Go Tell It On The Mountain
By Paulo Coelho
The background: This is a fable about a shepherd boy searching for the meaning of life. He thinks his goal is to get to a particular mountain and look for gold. During the journey, he comes to realize that meeting people, learning from them—that's the gold.
Why she chose it: My stepdad gave this book to me when I was a teenager. He was like, "You can read your Seventeen magazines, but also read something that's going to stay with you." My parents were the kind who would have a two-hour discussion about a book. My stepdad was adamant that my stepbrother and sisters and I read this one, and it was a topic of conversation at the dinner table. He thought it was important to remember the things you have in your life: love, family, humility.
"Lucy did that—it called out to me, to the kind of life I had and the kind of person I am"
By Jamaica Kincaid
Lucy is a Caribbean girl who travels to an unnamed North American city to work as an au pair for a very wealthy family. The story is set in the late '60s, when so many changes were happening and women were going through a very liberating time. Lucy is trying to find a home in this foreign society and also find her purpose.
Why she chose it:
My heritage is Caribbean, and I'd never read anything that really breaks down Caribbean culture politically, historically, socially, and in terms of gender. Lucy did that—it called out to me, to the kind of life I had and the kind of person I am. One thing I love about the book is how painfully honest Kincaid is about Lucy's issues with her mother. Lucy is fueled by pride and rebellion and pain, but the emotions guiding her at first aren't the ones driving her at the end of the story. She realizes she needs to make peace with the fact that no matter how far she might go in the world, she will never stop being her mother's daughter.
"This story has one of the most amazing endings. I cried for three days after I read it."
By Stephen King
I read these four novellas when I was 11 or 12 years old. A lot of people know them already: "The Body" became the movie Stand By Me, and of course "Rita Hayworth and Shawshank Redemption" was also adapted for the screen.
Why she chose it:
It's true that Stephen King writes about human psychology and digs into the darkness of it, but there's also a lot of beauty and liberation in his stories. "Shawshank Redemption" is my favorite. One character, Andy, never lost hope. Despair was all his fellow inmate, Red, had known. In the end, Red became infected by Andy's hope. This story has one of the most amazing endings. I cried for three days after I read it.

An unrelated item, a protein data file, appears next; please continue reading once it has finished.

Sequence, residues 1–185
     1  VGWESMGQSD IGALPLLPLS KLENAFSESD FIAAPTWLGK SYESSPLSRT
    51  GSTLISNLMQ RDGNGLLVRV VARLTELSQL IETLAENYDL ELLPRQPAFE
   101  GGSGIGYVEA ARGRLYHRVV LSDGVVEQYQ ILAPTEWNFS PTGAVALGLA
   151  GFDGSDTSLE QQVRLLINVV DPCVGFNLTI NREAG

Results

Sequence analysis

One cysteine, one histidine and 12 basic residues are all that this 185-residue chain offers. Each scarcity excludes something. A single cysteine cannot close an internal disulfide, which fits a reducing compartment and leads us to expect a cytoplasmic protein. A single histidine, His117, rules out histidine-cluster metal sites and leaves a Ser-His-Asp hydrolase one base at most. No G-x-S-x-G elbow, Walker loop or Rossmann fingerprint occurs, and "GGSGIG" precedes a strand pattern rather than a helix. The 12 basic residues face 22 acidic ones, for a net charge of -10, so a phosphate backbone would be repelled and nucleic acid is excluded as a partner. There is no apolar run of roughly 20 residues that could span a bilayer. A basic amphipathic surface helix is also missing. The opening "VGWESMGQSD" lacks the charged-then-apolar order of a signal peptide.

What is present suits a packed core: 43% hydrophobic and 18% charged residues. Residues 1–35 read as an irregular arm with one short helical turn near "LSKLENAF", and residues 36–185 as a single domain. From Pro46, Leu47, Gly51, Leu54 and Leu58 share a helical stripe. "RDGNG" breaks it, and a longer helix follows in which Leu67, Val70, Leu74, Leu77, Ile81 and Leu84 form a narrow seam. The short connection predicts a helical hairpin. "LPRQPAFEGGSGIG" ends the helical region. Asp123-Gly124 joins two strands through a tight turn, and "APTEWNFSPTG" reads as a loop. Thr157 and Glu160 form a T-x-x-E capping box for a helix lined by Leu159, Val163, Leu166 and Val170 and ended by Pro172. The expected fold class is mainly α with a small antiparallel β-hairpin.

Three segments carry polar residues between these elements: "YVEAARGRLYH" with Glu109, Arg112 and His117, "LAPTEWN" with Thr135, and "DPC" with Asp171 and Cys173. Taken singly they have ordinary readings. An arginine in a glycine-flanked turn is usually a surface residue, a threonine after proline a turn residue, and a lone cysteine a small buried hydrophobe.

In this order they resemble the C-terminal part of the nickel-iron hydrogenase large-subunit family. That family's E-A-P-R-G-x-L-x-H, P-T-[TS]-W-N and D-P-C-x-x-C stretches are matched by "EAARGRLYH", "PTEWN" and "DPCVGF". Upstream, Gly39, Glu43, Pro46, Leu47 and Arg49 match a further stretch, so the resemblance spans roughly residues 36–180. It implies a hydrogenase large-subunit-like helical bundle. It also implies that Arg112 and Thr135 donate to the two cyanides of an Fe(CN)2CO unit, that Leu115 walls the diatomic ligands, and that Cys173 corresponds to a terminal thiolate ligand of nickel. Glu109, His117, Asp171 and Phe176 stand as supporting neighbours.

Zoë's Favorite Ending
"I find I am excited, so excited I can hardly hold the pencil in my trembling hand. I think it is the excitement that only a free man can feel, a free man starting a long journey whose conclusion is uncertain.
I hope Andy is down there.
I hope I can make it across the border.
I hope to see my friend and shake his hand.
I hope the Pacific is as blue as it has been in my dreams.
—From "Rita Hayworth and Shawshank Redemption"
"The women are the strongest, and Díaz caught that"
By Junot Díaz
Oscar Wao is the lowest on the food chain: He is not white, he is not thin, he is not attractive, he is not completely American. Díaz is trying to put you in Oscar's place so you can understand his invisibility. Oscar falls for an older woman who's involved in a situation that can get him killed. Why does he risk it? Because she is the only person who really sees him.
Why she chose it:
Díaz talks about Dominicans and what makes us unique—especially the women. I grew up surrounded by Dominican women who were goddesses. My mother is the heroine of my life, and so are my grandmother and my great-grandmother. The women are the strongest, and Díaz caught that. I also think at certain points in your life, you feel utterly alone and completely invisible. You understand your own impotence, how there's sometimes nothing you can do about it. And that's Oscar.
Zoë loves not just one, but two works by Gabriel García Márquez
By Gabriel García Márquez
These two collections of short stories have stayed with me—especially the story "The Trail of Your Blood in the Snow." It's about a young woman who's been educated and traveled to Europe. She comes home to a bright future. So what does she do? She falls in love and marries someone who's a disappointment to her family. The young man is passive, dependent on his young bride. On their European honeymoon, as they travel from Spain to France, she has a minor accident. Just when he becomes the husband she needs, she dies alone in a hospital. To me, this is the most gorgeous love story. The husband and wife truly loved each other, if just for a short time. It's a tale of a beautiful disaster.
Why she chose them:
No One Writes to the Colonel has so many metaphors that I didn't have the maturity to understand when I first read it. But my stepfather is a journalist, and he took the time to explain to me that, for example, in the title story, the rooster stands for the sacrifice the Colonel makes in hope of a better future.
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